As political truisms go, some are famous—“All politics is local.” Others are funny—“Politicians and diapers should be changed frequently, for the same reason.” And one, in particular, is factual—“The world is run by those who show up.”
Farm Bureau is here to help you show up.
In a few short months, Ohioans will elect a governor, state and federal lawmakers, state officers, Supreme Court justices and a slew of local officials. And, regrettably, recent history says many of us won’t participate. In three of the last four elections, fewer than half of Ohio’s registered voters cast a ballot. We should do better. And as Farm Bureau members, it’s easy to do better.
I believe people are more inclined to vote if they have a connection to the candidates. Position papers, TV debates and Twitter feeds may be informative, but it’s inspirational to look someone in the eye and ask what they believe in, what they stand for and why they deserve your vote. Your Farm Bureau membership opens the door to that kind of personal political participation.
Candidates gladly engage with Farm Bureau members because they know it helps their cause.
In the last election, 95 percent of Farm Bureau-endorsed candidates won. They earned Farm Bureau’s approval in part by being accessible. They got to know our members by visiting our farms, homes and businesses. They replied to our questionnaires and returned our phone calls. And once elected, they don’t forget us. This past February, 103 of 132 members of the General Assembly visited with Farm Bureau members who rallied at the Statehouse. And in March, when your county Farm Bureau presidents went to Washington, D.C., 16 of Ohio’s 18 lawmakers met with us. Bottom line: Farm Bureau members have better access than the average Ohioan. We’ve earned that access through 95 years of being informed, fair, civil and bipartisan.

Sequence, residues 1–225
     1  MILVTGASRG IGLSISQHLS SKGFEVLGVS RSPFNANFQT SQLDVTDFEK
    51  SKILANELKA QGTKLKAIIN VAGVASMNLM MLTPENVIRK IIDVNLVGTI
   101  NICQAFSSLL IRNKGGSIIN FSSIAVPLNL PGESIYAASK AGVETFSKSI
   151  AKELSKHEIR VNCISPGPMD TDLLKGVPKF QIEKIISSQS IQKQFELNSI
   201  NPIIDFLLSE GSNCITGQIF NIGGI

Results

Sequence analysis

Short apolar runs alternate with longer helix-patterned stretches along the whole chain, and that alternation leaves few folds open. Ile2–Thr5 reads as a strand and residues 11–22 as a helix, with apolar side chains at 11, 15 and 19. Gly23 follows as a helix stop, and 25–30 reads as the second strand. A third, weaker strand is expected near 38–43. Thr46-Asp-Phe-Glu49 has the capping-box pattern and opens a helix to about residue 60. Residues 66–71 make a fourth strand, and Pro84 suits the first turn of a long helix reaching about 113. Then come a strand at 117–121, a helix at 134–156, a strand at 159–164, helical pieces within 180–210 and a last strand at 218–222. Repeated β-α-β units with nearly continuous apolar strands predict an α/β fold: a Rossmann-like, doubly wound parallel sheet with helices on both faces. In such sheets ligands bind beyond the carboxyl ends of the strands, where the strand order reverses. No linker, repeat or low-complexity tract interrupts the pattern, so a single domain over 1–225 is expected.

Short of direct engagement, Our Ohio will help prepare you to vote. Your September issue will have an election guide that will include what your fellow members learned from the candidates. There will be analysis of ballot measures. It will get into the importance of judicial elections and why it’s important we become more informed about these races. And the guide will include direct responses from the gubernatorial candidates to questions our members have on key policy matters.
Those policy issues are wide-ranging because Farm Bureau’s interests are diverse: taxes, immigration, health care, trade, education, regulation and environmental strategies. And high on the list are jobs and the economy. Farm Bureau members’ priorities don’t stop at the farm gate; we’re immersed in the issues that affect all Ohioans.
Occasionally I’ll be reminded that not everyone likes the idea of Farm Bureau being politically active. Unease about the “powerful farm lobby” is often linked to a belief that our influence comes by way of our pocketbook. In truth, it comes from our people—Farm Bureau people who take politics seriously enough to study the candidates, assess their opinions and gauge their character. People who are attuned to what government can do to or for their families, farms, businesses and communities. People who choose to show up.